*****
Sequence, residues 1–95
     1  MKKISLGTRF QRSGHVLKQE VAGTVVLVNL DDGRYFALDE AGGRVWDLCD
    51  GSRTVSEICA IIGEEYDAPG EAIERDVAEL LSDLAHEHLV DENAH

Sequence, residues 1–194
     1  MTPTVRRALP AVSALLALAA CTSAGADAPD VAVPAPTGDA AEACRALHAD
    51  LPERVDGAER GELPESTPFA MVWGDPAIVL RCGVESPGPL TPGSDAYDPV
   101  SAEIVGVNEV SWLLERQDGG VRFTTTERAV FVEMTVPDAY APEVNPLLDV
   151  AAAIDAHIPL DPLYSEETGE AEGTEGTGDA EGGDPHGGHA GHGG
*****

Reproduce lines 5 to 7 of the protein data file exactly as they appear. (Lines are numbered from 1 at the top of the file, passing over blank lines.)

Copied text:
     1  MTPTVRRALP AVSALLALAA CTSAGADAPD VAVPAPTGDA AEACRALHAD
    51  LPERVDGAER GELPESTPFA MVWGDPAIVL RCGVESPGPL TPGSDAYDPV
   101  SAEIVGVNEV SWLLERQDGG VRFTTTERAV FVEMTVPDAY APEVNPLLDV